I know very few people who make clothes for their kids, let alone making preserves, cooking from scratch and all of the other things our grandmothers would have taken for granted having to do. It’s no wonder we put on those ridiculous rose-tinted spectacles when we think about the 1950s woman, especially given how they were so much more practical than us.
Our grandmothers and mothers deserve respect and acknowledgement for all that they did, but that doesn’t mean we need to beat ourselves up that we aren’t more like them.
Then, I asked my Mum: if clothes had been cheaper when I was young, would she have made us so many? Her answer: Probably not. Maybe for special occasions, but not for everyday wear. After all, why would she? It might be fun to make a dress or a costume, but having to make clothes all of the time would have just turned into an unpleasant chore.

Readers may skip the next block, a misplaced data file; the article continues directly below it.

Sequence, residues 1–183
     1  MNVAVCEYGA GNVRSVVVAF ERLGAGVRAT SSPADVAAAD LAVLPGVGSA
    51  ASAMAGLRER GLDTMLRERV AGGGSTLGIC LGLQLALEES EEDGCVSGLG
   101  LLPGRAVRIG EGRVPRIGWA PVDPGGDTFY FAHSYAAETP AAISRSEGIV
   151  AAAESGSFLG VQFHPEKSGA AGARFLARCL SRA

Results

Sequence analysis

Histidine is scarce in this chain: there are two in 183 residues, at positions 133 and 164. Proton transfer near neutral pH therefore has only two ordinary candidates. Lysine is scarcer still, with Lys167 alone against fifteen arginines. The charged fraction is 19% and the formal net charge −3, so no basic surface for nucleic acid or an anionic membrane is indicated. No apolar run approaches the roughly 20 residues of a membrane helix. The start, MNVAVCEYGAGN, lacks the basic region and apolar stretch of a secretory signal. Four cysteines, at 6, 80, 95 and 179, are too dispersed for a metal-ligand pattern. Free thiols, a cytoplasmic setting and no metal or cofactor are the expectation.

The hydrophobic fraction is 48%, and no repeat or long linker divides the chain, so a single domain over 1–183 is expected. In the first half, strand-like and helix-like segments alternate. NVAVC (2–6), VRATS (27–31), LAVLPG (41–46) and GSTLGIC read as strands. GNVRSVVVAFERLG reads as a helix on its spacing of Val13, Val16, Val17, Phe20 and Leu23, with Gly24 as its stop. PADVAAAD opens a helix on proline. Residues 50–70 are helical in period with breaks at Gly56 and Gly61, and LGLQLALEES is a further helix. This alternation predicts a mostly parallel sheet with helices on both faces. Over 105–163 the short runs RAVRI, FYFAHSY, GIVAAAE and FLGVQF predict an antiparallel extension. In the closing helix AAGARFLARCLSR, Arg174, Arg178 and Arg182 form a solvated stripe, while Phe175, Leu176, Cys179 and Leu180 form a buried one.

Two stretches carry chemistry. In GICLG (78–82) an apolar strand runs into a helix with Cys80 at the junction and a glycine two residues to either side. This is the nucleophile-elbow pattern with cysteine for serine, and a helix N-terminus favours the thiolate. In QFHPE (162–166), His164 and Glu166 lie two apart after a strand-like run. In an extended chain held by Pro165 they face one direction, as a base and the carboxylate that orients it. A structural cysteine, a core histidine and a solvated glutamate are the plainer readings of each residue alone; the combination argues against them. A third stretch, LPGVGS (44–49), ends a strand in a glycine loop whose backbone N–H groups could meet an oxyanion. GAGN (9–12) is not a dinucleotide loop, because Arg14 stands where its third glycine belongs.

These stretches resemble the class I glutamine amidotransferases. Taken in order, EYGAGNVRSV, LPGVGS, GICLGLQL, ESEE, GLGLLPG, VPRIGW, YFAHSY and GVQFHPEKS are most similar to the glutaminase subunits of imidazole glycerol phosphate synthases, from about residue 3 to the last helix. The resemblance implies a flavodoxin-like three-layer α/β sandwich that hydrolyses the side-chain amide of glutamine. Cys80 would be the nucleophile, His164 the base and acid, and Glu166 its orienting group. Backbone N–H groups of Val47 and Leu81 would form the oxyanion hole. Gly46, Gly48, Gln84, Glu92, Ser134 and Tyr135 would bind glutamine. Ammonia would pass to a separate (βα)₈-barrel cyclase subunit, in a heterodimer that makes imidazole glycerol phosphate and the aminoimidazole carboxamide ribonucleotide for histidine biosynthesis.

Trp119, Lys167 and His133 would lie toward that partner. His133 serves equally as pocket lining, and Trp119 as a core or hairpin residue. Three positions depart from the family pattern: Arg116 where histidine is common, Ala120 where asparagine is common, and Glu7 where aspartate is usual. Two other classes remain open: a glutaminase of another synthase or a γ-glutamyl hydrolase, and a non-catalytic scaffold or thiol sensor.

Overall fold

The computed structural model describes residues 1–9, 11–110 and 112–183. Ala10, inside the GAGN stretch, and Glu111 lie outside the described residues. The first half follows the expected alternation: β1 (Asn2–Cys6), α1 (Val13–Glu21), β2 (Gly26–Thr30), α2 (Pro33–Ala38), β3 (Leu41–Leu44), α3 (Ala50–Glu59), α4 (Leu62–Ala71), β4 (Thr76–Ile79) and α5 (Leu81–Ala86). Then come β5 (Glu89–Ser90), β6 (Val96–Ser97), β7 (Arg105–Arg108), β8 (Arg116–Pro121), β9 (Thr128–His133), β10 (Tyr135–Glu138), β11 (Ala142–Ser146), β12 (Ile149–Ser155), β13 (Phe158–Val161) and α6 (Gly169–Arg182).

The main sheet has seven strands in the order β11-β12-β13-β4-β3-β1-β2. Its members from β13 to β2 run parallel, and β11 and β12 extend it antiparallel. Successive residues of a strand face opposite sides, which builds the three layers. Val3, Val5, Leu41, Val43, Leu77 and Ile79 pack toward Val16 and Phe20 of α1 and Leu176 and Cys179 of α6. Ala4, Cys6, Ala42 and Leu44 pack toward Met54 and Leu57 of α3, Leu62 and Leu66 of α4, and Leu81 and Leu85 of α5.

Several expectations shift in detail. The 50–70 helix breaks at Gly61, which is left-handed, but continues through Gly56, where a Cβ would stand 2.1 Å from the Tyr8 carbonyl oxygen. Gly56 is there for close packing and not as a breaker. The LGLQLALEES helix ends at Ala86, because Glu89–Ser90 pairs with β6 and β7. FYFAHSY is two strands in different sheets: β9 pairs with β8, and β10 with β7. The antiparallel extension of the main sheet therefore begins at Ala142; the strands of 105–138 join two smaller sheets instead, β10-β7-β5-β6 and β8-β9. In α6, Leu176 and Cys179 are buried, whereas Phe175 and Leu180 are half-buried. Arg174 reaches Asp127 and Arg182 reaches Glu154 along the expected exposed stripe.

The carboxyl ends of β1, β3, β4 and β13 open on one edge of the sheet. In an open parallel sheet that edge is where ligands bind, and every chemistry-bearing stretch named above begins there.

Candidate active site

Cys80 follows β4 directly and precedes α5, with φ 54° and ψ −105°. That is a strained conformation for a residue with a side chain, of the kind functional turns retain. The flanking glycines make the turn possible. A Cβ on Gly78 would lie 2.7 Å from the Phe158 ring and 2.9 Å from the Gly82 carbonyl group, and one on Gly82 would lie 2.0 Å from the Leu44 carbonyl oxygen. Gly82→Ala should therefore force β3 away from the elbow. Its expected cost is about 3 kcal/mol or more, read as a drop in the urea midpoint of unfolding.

I imagine that the 1950s woman would have been the same – if they had access to cheaper goods or had more choices, they wouldn’t have necessarily been such practical domesticated goddesses either. Some may still have chosen to spend their days ironing, sewing, cooking and cleaning. But plenty of others would probably have spent their free time on Facebook, and looking at funny pictures of cats online. Our grandmothers and mothers deserve respect and acknowledgement for all that they did, but that doesn’t mean we need to beat ourselves up that we aren’t more like them.
And, in the meantime, I really should get on with making that dress for my daughter. Whether it be for a hobby or for necessity, I feel that my children ought to hear the whir of a sewing machine at least once this year. If they don’t, I really ought to have just gone to K-Mart.